How To Fight For That Big Idea
I’ve been thinking a lot about inspiration and great ideas, and how these two things combined with passionate people working together can accomplish monumental things. Anyone who knows me well understands that I love – really love to the core of my being – working with others to create big change. It’s an exciting thing to experience and, over the years, I’ve learned a thing or two about how to overcome the obstacles that inevitably come with big change.
How Does A Big Idea Start?
The interesting thing about big change is that it often comes in the most unassuming package. Two or more people come together, inspired with the spark of an idea. They share the idea and a few more people say, “Wow, great idea!”
While big change typically starts off with great momentum, it’s usually quickly followed by what I call the “dream crushers”. Dream crushers come in unassuming packages too. Sometimes they are even friends and supporters. A dream crusher can also be really smart. So, we’re rallied together with our great idea, and in swoops the “dream crusher” under the guise of a supporter. This so-called supporter says something like, “’Great idea! But, do you think …..instead?” Finish it any way you want; just like that, it means this great idea has just been dismissed and is now flailing. Someone has rained on our proverbial parade.
At that point, a few things can happen:
- We let the idea go – deciding it wasn’t a great idea after all.
- We listen to the opposing thought, incorporate it into our great idea and come up with an even greater idea.
- We get buy off from the “powers that be” and move forward with the great idea. [There are always powers that be, no matter how esteemed one’s job title may be.]
If you choose the third option, the idea then has a fighting chance to be manifested and to become a reality with the love and support of its champions.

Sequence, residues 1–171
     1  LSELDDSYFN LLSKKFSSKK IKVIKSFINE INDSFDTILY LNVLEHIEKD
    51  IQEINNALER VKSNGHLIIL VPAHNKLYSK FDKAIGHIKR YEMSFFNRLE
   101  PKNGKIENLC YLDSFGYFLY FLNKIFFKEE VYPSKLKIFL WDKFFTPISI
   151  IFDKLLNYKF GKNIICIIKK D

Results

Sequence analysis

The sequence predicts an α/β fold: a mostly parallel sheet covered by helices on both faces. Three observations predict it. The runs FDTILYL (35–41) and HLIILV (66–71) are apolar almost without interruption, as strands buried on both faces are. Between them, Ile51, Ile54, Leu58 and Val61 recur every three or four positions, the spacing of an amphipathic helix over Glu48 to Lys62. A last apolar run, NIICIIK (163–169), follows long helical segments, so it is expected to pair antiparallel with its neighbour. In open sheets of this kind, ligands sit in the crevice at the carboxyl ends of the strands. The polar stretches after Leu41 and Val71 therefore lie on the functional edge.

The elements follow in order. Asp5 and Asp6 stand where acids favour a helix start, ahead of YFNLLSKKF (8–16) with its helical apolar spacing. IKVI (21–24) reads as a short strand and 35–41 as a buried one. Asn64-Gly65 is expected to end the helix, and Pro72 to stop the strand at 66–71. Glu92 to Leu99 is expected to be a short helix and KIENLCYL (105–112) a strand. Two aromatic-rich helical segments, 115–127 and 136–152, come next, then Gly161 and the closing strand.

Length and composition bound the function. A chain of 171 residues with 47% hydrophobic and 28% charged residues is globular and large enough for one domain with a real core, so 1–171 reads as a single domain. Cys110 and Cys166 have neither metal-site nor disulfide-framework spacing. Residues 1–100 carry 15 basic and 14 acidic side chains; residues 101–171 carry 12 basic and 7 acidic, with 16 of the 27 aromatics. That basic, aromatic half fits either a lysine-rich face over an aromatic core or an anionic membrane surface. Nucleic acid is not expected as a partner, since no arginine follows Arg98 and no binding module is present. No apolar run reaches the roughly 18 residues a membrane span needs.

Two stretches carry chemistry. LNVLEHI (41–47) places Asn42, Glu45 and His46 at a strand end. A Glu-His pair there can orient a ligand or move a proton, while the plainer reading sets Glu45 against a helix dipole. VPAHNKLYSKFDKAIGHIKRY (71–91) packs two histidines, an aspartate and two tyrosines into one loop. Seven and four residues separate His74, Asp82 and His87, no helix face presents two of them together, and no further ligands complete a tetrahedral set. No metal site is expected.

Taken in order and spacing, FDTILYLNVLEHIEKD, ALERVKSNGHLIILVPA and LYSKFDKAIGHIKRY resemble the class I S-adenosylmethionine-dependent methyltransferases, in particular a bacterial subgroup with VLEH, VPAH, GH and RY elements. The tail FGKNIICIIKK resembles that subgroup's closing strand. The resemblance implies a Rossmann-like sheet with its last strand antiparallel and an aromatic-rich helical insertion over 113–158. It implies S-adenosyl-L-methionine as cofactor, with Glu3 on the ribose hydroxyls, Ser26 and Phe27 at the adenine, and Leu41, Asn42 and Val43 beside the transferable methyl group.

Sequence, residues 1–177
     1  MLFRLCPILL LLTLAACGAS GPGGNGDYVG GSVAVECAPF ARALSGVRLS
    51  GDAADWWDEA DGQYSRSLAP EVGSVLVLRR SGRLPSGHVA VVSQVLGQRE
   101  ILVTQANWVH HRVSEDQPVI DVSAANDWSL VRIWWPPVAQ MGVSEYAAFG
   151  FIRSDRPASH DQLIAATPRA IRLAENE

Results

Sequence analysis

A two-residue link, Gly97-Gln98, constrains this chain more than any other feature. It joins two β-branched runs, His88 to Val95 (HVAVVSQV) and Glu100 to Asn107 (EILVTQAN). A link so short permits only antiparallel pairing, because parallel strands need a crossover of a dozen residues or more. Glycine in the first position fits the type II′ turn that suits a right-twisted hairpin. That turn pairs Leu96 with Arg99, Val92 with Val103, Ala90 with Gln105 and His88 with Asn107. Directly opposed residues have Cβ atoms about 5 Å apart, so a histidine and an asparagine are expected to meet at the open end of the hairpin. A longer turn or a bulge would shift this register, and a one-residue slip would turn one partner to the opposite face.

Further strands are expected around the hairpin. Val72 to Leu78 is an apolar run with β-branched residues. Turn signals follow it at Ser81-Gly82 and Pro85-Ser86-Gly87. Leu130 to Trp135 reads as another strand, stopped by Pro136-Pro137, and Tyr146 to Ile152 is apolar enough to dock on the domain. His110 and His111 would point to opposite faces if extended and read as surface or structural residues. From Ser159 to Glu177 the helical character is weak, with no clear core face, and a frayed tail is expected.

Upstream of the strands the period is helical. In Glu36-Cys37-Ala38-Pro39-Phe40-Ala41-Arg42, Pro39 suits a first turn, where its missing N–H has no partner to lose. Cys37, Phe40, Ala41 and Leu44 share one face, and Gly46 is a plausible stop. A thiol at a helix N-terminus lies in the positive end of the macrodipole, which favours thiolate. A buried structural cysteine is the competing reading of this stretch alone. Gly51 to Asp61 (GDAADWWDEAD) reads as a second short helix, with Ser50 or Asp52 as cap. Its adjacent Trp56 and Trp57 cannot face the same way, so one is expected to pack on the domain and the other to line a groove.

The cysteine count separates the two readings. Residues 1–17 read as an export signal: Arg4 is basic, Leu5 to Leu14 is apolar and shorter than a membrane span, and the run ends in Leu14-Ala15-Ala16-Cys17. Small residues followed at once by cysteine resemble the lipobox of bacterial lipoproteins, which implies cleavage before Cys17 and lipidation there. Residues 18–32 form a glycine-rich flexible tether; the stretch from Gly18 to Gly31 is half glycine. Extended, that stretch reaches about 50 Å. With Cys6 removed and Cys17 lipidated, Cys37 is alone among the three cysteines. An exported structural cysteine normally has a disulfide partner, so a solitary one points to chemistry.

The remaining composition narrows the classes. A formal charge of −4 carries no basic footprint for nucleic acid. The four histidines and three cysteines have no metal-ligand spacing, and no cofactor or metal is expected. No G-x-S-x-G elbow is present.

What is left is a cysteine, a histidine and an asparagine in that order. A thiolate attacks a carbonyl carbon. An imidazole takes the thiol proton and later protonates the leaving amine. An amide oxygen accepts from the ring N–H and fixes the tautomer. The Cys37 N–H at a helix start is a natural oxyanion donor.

How Do You Sustain and Propel Your Big Idea?
When it comes to creating and ushering in big ideas, it helps to:
- Understand that inspiration, enthusiasm and passion are needed to give birth to change.
- Realize change happens in groups. Yep, we can be part of it, but we cannot and never will be able to make big things happen all by ourselves. Yes, one person can make a huge difference, which may sound like a contradiction, but it’s not. It means that the one person is holding space for others to join in and support/be a part of the idea/change initiative.
- Respect that we only have so much time and energy, so it’s important to pick wisely when deciding what idea to rally behind.
- Know that ideas will be challenged. Although “dream crushers” can be disheartening, they challenge us and our big ideas for very good reasons – to validate whether an idea should come into existence, to make the idea (and us) stronger, and to remind us to get buy-in from others.
- Have the courage to be bold and speak about an idea, and fight for it when important enough, even if it’s embarrassing or means stepping out of our comfort zone.
Why Is A Big Idea So Important?
In the public sector health arena, we devote our lives to helping people improve/change for the better. We expect them to stretch out of their comfort zones, too often leave behind everything they know and reach for something better. Shouldn’t we do the same?
As leaders and professionals devoted to improving the lives of others, we need to continually challenge the status quo, to look for ways to create change and transform our systems of care – we need to be open to and stand up for “great ideas”.
What Do You Do When Presented With A Big Idea?
As I mentioned above, great ideas can come in unassuming packages. I wholeheartedly believe this to be true. In my experience as a leader, an employee may come to me and say, “if we changed x, it could improve y”. In that moment, I recommend a few things:
- Become very still
- Stop texting, looking at email or doodling
- Look straight at the person
- Keep an open mind and really listen
Most importantly, remember that you have in front of you an amazing human being, who is taking the time to think about how things can be better when he or she already has too much to do and is likely burdened by a myriad of everyday stressors from work and personal demands. In that moment, you can be that second person who says “great idea!” breathing life into a concept, however small, that can potentially make something better.
What if the idea presented is a bad one? I know there aren’t supposed to be bad questions or ideas, but some days an idea can seem like a waste of time or resources, not worth it or downright harmful. If that happens, it’s an opportunity to practice being an encouraging leader. Saying something like “thanks for bringing up that idea, let’s talk more about that” can often turn the conversation into an even better idea!
In the end, as leaders we decide. Are we going to create an environment that encourages innovation and change or that teaches people to play it safe and crush dreams? When we choose encouragement, we become the champions of great change!